Despite relaunch of the annual spring offensive in Afghanistan and the surge in violence that it has unleashed, the ongoing attempts to resolve the Afghan imbroglio via negotiations have not yet been derailed.
This is good news given that a negotiated settlement seems like the only feasible solution to ending the forty years of conflict in Afghanistan. Yet, reaching a conclusive settlement is certainly not a foregone conclusion.
There are several elements to the ongoing negotiation process, each with its own set of challenges. Given the inability of the US-backed Afghan government to defeat the Taliban, several regional players, including Russia, have been trying to woo the Taliban into a political settlement. The US itself has held several talks with the Taliban leadership in Qatar over the past year. Pakistan has also been playing a facilitative role in this process.
However, thus far, the Taliban remain adamant that they do not want to negotiate directly with the Afghan government. On its part, the Afghan government has been upset with Russia, and with the US, for bypassing them and agreeing to negotiate with the Taliban directly.
The Taliban and the US government are nowhere near coming up with a power-sharing formula, given that they are currently wrangling over the sequence of withdrawal of US forces from Afghanistan, versus securing guarantees from the Taliban that they would not allow their country to be used as a future base for international terrorism.
The US has other concerns as well, such as trying to curb the opium trade and ensuring that the Taliban will be less repressive if they are given a future share in power. The Taliban have also indicated their willingness to be less repressive. In recent months, senior Taliban spokesmen have indicated their willingness to allow girls the right to education, for instance.
While the Taliban remain adamant that they will not negotiate directly with the Afghan government, they did meet a delegation of Afghans in Moscow in February. This delegation was led by former Afghan president Hamid Karzai, political opponents of the Afghan government and members of the Afghan diaspora.
Another such talk has been planned between the Taliban and another Afghan delegation for April 19 (today) in Qatar. This second delegation boasts an even larger list of Afghans, including civil society representatives and many women. Senior Afghan government representatives are also a part of this second list of delegates, but they are meant to be participating in their ‘personal’ instead of official capacity (perhaps a face-saving maneuver for both sides).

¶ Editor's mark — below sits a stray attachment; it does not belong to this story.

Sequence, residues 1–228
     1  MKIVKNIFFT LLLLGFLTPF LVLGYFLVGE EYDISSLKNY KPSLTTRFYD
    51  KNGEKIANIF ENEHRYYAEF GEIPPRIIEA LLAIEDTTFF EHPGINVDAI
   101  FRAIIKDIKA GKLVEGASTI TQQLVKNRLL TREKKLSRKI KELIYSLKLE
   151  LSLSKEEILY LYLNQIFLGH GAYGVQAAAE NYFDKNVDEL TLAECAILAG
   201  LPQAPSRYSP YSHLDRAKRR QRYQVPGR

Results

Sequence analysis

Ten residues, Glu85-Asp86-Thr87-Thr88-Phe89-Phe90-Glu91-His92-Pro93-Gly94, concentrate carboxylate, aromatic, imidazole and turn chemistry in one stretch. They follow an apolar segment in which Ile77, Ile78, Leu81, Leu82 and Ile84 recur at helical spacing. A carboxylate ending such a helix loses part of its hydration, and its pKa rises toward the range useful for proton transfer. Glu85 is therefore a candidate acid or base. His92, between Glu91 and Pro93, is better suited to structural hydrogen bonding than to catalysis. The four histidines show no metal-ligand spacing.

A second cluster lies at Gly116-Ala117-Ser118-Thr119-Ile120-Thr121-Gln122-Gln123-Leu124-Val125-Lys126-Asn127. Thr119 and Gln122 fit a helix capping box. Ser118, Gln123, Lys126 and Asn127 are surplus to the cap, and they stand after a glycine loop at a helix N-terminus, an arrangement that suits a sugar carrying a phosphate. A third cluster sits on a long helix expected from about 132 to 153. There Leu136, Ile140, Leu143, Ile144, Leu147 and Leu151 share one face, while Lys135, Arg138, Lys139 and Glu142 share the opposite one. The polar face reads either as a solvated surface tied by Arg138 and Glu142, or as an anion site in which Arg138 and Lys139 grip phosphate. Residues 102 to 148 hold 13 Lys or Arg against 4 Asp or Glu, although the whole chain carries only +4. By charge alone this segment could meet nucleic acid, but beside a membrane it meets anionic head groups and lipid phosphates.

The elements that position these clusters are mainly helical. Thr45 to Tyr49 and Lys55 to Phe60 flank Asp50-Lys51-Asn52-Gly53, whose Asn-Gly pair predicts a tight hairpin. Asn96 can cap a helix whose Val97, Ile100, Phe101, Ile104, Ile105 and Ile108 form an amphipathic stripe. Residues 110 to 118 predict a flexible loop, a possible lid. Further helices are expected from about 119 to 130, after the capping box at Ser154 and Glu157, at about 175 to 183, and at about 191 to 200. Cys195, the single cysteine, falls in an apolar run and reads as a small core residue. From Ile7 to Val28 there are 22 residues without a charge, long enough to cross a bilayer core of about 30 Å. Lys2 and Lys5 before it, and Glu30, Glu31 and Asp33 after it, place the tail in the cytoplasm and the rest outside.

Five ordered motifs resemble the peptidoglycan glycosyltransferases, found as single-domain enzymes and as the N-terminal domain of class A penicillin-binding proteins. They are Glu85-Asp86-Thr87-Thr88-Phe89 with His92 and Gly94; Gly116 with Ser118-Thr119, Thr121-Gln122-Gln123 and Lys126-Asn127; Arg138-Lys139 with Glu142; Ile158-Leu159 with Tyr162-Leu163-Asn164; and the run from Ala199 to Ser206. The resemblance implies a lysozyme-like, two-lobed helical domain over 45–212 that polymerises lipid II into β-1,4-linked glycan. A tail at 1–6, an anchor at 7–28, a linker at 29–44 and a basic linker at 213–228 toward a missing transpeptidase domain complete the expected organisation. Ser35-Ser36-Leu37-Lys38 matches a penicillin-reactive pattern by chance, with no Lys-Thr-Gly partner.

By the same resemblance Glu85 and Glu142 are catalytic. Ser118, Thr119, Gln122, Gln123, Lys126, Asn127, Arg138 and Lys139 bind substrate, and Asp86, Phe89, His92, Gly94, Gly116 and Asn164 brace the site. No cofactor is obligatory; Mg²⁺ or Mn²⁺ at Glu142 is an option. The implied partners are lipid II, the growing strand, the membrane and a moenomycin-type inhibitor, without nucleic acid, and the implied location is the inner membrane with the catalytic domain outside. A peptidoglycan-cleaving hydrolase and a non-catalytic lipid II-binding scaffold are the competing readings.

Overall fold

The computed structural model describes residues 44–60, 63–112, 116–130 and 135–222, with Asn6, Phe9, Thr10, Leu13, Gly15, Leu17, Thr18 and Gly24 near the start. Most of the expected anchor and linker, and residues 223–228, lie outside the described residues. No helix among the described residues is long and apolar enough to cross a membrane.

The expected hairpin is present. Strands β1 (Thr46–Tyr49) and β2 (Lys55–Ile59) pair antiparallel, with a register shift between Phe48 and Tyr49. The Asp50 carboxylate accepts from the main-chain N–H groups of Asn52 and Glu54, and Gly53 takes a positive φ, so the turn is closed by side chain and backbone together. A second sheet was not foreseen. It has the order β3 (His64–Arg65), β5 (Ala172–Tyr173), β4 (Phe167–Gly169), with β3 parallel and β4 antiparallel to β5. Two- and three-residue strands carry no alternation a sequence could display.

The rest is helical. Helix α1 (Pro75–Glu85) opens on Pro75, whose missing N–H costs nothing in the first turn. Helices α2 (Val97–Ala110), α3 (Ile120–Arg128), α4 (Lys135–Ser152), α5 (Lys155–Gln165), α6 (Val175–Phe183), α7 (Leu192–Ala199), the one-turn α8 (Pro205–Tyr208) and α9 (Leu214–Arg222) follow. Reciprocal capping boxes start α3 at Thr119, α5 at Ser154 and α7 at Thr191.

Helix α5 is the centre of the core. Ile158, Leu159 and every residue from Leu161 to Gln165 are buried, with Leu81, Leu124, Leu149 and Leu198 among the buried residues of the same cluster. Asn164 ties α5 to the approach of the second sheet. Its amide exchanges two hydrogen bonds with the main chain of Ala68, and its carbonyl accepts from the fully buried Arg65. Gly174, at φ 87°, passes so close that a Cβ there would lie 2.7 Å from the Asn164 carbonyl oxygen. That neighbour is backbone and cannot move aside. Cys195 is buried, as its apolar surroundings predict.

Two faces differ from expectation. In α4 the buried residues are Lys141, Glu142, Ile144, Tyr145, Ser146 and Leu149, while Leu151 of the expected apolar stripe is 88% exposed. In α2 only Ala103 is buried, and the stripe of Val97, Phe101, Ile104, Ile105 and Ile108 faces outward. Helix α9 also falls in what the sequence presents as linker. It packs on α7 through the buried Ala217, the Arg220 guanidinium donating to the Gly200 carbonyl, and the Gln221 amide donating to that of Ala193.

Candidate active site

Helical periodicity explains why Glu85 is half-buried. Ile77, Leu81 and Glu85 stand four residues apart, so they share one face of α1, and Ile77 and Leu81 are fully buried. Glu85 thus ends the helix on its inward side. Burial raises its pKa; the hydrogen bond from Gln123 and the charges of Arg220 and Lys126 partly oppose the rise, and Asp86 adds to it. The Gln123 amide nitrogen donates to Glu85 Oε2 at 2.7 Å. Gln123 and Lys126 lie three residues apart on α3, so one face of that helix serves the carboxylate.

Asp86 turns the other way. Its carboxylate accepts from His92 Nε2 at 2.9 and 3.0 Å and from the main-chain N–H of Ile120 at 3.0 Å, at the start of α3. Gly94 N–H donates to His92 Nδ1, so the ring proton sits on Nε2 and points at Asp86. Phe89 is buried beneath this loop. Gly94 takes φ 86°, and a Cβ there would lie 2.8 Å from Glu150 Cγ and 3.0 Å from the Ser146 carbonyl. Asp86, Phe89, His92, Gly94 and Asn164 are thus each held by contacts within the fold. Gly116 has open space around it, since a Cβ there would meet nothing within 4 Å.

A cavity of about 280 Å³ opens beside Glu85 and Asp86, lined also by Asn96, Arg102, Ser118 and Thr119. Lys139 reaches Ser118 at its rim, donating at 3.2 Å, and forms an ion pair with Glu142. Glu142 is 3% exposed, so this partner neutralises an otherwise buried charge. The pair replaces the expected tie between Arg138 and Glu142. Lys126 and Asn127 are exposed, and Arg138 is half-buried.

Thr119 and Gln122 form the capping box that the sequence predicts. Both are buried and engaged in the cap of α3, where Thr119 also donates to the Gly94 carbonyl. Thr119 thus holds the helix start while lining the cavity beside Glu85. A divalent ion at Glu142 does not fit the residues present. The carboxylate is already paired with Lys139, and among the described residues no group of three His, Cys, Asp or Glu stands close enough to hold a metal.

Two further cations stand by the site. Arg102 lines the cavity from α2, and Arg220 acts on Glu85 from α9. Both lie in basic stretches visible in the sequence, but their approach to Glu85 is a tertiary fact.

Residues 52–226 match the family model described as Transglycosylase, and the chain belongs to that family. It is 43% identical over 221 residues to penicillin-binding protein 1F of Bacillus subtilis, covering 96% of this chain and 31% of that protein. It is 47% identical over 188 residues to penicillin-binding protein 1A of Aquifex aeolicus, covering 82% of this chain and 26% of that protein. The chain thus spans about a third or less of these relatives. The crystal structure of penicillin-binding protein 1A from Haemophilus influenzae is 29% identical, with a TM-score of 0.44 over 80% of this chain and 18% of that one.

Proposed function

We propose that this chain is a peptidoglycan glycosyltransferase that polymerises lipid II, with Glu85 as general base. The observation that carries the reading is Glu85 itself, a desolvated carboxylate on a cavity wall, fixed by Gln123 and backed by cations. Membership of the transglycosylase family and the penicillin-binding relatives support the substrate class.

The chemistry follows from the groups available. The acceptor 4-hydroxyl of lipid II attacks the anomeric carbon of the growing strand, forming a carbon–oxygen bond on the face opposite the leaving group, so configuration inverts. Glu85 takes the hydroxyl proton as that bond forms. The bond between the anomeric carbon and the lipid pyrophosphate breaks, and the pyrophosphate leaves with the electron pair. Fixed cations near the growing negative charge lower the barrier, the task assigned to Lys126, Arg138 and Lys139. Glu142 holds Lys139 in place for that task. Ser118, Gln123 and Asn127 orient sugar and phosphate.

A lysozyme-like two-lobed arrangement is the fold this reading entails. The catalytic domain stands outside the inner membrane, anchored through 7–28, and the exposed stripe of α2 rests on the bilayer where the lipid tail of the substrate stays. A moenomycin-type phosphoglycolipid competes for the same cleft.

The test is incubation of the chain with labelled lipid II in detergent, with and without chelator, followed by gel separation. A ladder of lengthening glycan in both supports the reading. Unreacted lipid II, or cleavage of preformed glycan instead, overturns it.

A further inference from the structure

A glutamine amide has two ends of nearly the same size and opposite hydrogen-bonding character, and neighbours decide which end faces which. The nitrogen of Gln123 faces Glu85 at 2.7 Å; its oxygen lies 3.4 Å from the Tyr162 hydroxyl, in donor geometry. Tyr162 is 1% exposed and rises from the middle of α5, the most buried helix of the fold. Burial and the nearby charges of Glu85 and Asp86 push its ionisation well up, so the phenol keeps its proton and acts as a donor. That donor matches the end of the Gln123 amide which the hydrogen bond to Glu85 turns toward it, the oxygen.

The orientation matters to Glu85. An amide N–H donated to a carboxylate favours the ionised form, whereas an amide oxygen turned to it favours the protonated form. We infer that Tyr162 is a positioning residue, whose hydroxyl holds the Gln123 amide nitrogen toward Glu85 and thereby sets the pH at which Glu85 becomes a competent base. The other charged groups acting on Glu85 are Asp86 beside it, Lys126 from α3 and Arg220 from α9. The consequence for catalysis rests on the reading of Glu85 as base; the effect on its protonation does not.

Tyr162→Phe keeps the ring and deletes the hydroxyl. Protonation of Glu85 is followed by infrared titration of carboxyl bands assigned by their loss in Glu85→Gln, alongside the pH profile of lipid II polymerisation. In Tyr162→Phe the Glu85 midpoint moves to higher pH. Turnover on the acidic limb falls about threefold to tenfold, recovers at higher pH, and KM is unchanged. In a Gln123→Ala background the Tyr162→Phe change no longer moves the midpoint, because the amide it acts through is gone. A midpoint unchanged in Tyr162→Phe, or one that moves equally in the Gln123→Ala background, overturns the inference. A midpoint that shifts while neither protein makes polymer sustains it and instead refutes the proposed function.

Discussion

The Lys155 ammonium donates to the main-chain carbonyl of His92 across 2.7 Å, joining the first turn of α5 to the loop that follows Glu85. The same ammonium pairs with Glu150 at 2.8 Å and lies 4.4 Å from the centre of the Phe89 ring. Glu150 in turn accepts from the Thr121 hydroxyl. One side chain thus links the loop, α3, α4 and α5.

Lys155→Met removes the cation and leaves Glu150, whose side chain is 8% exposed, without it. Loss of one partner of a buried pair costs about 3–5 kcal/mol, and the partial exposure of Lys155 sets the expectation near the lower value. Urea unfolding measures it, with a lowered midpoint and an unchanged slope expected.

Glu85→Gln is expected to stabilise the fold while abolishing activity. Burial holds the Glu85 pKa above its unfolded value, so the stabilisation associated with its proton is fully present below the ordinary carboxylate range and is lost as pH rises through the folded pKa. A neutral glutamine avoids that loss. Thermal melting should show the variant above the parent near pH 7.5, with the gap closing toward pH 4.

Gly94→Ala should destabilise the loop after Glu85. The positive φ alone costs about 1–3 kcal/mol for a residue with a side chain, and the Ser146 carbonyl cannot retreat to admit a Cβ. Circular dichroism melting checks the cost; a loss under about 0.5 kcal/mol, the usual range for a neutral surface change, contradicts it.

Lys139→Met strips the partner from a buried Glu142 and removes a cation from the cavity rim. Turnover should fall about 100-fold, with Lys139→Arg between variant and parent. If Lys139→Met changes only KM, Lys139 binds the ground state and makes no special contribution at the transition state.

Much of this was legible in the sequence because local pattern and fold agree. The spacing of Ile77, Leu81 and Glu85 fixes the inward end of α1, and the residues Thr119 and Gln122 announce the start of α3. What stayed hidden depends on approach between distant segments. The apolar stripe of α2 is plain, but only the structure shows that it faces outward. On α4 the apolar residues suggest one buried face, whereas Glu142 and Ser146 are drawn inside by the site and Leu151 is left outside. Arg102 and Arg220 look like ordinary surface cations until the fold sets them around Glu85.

At the time of writing this article, there was still a lot of uncertainty about whether this second intra-Afghan dialogue will even be held. The Taliban have reportedly poured scorn on the lengthy list of Afghan, saying that they had ‘no plans’ to meet so many people.
More confusion has been created as some of the Afghan government officials who were meant to be participating ‘unofficially’ have decided not to do so. Most prominent amongst these Afghan officials who seem unwilling to attend the April 19 talks is Ghani’s own running mate, Amrullah Saleh, the former head of Afghan intelligence and a longtime Taliban critic.
One hopes that other stakeholders, including Pakistan, will be able to help overcome some of the contentions surrounding this second round of intra-Afghan talks. Doing so would go a long way in boosting prospects of agreeing to a framework of peaceful resolution to the Afghan crisis, during the subsequent round of talks scheduled between the US and the Taliban delegations, near the end of this month.